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A palaeoecological interpretation of an Eemian floral assemblage in the Scheldt Valley at Liefkenshoek near Antwerp (Belgium)
Vanhoorne, R.; Ferguson, D.K. (1997). A palaeoecological interpretation of an Eemian floral assemblage in the Scheldt Valley at Liefkenshoek near Antwerp (Belgium). Rev. Palaeobot. Palynol. 97(1-2): 97-107. https://dx.doi.org/10.1016/s0034-6667(96)00069-3
In: Review of Palaeobotany and Palynology. Elsevier: Tokyo; Oxford; Lausanne; New York; Shannon; London; Amsterdam. ISSN 0034-6667; e-ISSN 1879-0615
Peer reviewed article  

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Keywords
    Geological time > Phanerozoic > Geological time > Cenozoic > Quaternary > Pleistocene
    Palaeo studies > Ecology > Palaeoecology
    Pollen
    Belgium [Marine Regions]
Author keywords
    Diaspores; Eemian

Authors  Top 
  • Vanhoorne, R.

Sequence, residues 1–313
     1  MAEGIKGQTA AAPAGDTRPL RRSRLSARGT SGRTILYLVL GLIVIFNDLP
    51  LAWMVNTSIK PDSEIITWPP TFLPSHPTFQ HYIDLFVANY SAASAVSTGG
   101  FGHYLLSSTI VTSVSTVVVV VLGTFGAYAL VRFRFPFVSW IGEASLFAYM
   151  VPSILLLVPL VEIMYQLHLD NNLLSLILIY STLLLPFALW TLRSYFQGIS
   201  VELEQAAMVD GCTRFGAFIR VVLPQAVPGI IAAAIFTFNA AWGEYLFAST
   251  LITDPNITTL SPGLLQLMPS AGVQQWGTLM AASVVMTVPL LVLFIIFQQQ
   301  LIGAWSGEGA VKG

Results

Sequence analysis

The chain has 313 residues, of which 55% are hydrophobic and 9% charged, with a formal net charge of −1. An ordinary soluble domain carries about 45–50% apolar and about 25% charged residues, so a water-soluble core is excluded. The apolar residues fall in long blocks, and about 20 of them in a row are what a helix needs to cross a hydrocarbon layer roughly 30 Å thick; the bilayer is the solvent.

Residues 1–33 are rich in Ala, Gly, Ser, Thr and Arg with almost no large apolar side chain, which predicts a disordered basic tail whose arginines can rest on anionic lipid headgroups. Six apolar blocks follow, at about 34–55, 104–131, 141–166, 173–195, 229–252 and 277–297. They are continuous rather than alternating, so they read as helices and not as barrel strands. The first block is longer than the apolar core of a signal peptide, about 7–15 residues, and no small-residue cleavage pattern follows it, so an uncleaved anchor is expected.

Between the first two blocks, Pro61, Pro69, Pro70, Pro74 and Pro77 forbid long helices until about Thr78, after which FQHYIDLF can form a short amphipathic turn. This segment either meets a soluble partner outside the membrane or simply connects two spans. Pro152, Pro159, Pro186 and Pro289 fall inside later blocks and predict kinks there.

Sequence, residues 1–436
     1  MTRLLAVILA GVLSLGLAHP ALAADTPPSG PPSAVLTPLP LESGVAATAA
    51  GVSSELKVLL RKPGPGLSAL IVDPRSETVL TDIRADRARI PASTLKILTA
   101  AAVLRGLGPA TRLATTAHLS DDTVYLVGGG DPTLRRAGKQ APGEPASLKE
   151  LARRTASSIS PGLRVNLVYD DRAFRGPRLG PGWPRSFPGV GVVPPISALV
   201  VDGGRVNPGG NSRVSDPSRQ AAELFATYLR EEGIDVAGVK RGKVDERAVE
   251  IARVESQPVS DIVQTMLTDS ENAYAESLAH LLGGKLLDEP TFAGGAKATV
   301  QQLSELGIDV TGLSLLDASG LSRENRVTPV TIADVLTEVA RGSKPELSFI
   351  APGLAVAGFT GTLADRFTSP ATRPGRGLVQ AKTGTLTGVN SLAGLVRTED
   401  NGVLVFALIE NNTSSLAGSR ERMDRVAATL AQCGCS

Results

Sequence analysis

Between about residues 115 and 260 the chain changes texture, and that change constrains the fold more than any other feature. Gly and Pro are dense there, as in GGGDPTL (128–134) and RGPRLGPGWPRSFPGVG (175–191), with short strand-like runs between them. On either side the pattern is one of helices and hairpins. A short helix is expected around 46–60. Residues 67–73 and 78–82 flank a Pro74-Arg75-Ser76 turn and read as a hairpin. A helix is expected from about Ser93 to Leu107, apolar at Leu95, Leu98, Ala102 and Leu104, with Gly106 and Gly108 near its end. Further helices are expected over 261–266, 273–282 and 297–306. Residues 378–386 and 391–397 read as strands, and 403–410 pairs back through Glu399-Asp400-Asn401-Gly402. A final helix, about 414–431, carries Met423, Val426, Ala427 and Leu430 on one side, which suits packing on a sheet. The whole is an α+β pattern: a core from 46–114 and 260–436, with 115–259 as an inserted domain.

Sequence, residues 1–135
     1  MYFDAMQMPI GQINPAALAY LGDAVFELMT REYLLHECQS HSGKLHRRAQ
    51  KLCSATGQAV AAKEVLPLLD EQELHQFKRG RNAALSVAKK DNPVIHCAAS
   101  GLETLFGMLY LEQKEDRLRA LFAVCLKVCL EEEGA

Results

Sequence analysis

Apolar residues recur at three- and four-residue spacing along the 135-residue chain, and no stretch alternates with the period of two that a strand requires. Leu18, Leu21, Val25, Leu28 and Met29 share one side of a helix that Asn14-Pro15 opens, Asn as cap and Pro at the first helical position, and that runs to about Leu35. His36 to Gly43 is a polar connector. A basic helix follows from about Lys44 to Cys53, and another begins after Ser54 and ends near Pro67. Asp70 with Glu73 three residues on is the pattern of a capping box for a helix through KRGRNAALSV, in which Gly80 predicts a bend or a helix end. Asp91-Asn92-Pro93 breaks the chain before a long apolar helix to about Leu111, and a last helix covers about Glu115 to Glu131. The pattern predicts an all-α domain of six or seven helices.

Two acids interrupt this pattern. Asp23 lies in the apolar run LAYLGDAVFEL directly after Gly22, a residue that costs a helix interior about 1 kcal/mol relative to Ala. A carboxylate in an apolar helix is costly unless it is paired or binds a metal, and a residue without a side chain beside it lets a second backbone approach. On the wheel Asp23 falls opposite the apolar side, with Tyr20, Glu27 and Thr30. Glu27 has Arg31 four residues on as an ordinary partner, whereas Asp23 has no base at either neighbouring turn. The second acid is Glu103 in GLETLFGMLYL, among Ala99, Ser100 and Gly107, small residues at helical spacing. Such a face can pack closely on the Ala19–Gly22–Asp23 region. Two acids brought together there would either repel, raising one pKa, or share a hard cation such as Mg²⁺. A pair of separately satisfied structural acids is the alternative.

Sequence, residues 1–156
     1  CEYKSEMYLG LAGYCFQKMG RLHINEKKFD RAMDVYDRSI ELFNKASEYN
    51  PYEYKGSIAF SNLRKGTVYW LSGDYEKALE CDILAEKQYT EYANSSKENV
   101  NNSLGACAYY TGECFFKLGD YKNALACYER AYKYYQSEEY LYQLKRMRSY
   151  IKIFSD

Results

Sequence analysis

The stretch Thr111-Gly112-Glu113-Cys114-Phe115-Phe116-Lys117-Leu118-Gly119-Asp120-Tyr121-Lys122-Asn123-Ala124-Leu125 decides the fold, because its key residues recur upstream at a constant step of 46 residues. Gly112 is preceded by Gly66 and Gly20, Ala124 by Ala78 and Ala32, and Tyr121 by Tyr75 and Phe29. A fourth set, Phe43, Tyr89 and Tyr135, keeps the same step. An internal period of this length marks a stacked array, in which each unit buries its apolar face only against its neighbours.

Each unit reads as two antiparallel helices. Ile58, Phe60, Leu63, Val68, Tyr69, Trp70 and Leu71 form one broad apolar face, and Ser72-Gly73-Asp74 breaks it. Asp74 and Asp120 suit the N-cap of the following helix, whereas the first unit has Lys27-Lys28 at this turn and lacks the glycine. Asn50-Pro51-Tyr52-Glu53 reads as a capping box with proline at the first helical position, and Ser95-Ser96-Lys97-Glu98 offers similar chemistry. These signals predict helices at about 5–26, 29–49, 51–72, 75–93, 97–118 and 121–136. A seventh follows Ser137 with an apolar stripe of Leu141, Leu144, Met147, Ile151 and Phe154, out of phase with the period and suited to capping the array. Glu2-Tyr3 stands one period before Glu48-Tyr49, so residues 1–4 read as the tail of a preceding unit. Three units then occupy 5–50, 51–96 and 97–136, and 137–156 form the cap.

• Ferguson, D.K.

Abstract
    Microscopic and macroscopic plant remains, found in greyish, cross-bedded sands exposed on the left bank of the River Scheldt at Beveren during preparatory excavations for the construction of a tunnel under the river, are discussed.

    The pollen assemblages, while dominated by Pinus, contain a pollen association of Picea and Carpinus, which is characteristic of a terminal Eemian age. The spectra were also used to confirm the presence of a number of taxa otherwise known as diaspores, to indicate the presence of additional taxa, whose diaspores do not easily fossilize, and as a means of expanding our knowledge of extra-local elements.

    The diaspores were identified as accurately as possible and their ecological signal evaluated. The fruits and seeds would appear to have been derived from plant communities representing a diversity of habitats, i.e. fully aquatic communities (Charetea, Potametea), swamps and mires (Phragmitetea, Parvocaricetea, Molinio-Arrhenatheretea), pioneers of bare ground (Chenopodietea, Plantaginetea majoris, Bidentetea), heathland (Nardo-Callunetea) and different types of forest, e.g. Alder Carr (Alnetea glutinosae), deciduous forest and mantle communities (Querco-Fagetea and Rhamno-Prunetea) and pinewoods (Vaccinio-Piceetea). Knowledge of these habitats is used to envisage the vegetation of the vanished landscape.


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